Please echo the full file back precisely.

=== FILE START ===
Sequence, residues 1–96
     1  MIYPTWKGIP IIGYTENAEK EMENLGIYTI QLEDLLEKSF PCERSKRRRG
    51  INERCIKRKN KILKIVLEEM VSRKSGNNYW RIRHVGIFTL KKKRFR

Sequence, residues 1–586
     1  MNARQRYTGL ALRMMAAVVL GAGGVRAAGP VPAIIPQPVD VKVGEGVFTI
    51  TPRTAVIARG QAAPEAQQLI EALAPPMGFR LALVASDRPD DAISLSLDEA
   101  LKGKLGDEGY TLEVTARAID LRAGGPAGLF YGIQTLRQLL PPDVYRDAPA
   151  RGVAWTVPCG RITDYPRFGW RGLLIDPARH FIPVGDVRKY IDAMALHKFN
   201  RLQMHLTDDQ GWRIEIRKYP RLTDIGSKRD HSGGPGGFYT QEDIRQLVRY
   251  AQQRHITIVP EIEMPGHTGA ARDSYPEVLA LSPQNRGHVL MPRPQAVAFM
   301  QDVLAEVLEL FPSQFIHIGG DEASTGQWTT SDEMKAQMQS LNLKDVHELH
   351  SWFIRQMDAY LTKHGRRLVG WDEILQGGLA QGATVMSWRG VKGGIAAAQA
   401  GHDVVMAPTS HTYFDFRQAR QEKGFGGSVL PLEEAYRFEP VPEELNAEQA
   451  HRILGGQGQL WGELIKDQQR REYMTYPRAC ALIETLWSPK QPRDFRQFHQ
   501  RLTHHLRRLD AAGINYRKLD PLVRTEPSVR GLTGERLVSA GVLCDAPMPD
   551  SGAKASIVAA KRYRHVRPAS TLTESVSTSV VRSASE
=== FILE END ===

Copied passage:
Sequence, residues 1–96
     1  MIYPTWKGIP IIGYTENAEK EMENLGIYTI QLEDLLEKSF PCERSKRRRG
    51  INERCIKRKN KILKIVLEEM VSRKSGNNYW RIRHVGIFTL KKKRFR

Sequence, residues 1–586
     1  MNARQRYTGL ALRMMAAVVL GAGGVRAAGP VPAIIPQPVD VKVGEGVFTI
    51  TPRTAVIARG QAAPEAQQLI EALAPPMGFR LALVASDRPD DAISLSLDEA
   101  LKGKLGDEGY TLEVTARAID LRAGGPAGLF YGIQTLRQLL PPDVYRDAPA
   151  RGVAWTVPCG RITDYPRFGW RGLLIDPARH FIPVGDVRKY IDAMALHKFN
   201  RLQMHLTDDQ GWRIEIRKYP RLTDIGSKRD HSGGPGGFYT QEDIRQLVRY
   251  AQQRHITIVP EIEMPGHTGA ARDSYPEVLA LSPQNRGHVL MPRPQAVAFM
   301  QDVLAEVLEL FPSQFIHIGG DEASTGQWTT SDEMKAQMQS LNLKDVHELH
   351  SWFIRQMDAY LTKHGRRLVG WDEILQGGLA QGATVMSWRG VKGGIAAAQA
   401  GHDVVMAPTS HTYFDFRQAR QEKGFGGSVL PLEEAYRFEP VPEELNAEQA
   451  HRILGGQGQL WGELIKDQQR REYMTYPRAC ALIETLWSPK QPRDFRQFHQ
   501  RLTHHLRRLD AAGINYRKLD PLVRTEPSVR GLTGERLVSA GVLCDAPMPD
   551  SGAKASIVAA KRYRHVRPAS TLTESVSTSV VRSASE